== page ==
We bought a typical Cuban scene of a colourful street with a 1950’s vintage automobile, of course.  The colours are so vibrant, we were smitten at first sight!

Cuban artwork

I’m thinking it will be absolutely stunning in my new navy dining room. Here’s a picture my son in law took on Christmas day of my holiday table, below.

Navy Dining room

So now how to finish it? Do I stretch and frame or just simply stretch it? Well, I put the question to my followers on FB and the response was overwhelmingly to have it stretched.

But I guess, I don’t follow advice too well, as I’m having it framed.  

My reasons are because the dining room is more formal so a frame feels right but actually, the artwork made my decision fairly easy. As you will see in the photo below.

Cuban artwork

Do you see how the terra cotta colour is kind of creeping out of the edges of the paint on the sides and bottom? It would look really unfinished if you could see that on the sides of it once it was on the wall. You could paint the sides I suppose as I have other mounted pieces done that way, but I didn’t want to play with the integrity of the painting.  The other option was to still stretch it but to bring the painting over the sides so that there was no unfinished sides but then I’d lose the artist’s signature and shrink the size of the art.  Not what I wanted to do.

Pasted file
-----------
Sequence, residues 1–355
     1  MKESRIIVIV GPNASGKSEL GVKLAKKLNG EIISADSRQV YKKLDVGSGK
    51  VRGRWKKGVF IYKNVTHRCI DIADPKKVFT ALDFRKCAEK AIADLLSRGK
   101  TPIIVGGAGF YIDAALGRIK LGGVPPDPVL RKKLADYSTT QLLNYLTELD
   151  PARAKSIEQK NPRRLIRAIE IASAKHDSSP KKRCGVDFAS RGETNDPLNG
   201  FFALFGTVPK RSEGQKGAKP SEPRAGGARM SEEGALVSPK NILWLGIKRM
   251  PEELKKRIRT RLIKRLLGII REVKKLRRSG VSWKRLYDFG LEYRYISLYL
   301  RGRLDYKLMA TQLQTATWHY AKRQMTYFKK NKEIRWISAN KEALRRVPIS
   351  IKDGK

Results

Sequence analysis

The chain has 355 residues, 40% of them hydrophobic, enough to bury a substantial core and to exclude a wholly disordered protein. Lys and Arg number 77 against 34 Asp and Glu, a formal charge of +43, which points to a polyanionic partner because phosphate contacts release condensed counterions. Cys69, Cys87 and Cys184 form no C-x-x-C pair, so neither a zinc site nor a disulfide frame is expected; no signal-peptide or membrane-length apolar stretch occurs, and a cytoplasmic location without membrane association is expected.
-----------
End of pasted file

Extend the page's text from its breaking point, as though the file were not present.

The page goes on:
And there was another plus to having it framed, Michael’s was having a framing sale and if you choose a sale priced frame the cost of the stretching was also on sale. So even though stretching was cheaper, for only slightly more money, it will be stretched and framed.

So there you have it, it will be stretched and framed. I decided on no matting as I wanted to keep it relatively simple and clean.  I went with the frame in the picture above. It’s a soft black and has a slight texture which gives it a little bit of a rustic feel to it, kind of like the painting itself.  Even though, it’s going in my dining room, I didn’t want it to be too formal and I certainly didn’t want a busy frame as the painting has alot going on. I wanted the piece to shine out of the frame, if that makes any sense.

So sorry, to those of you who voted for stretching only.  I’ll post a picture once it’s done and in place and you can see what you think.

Lisa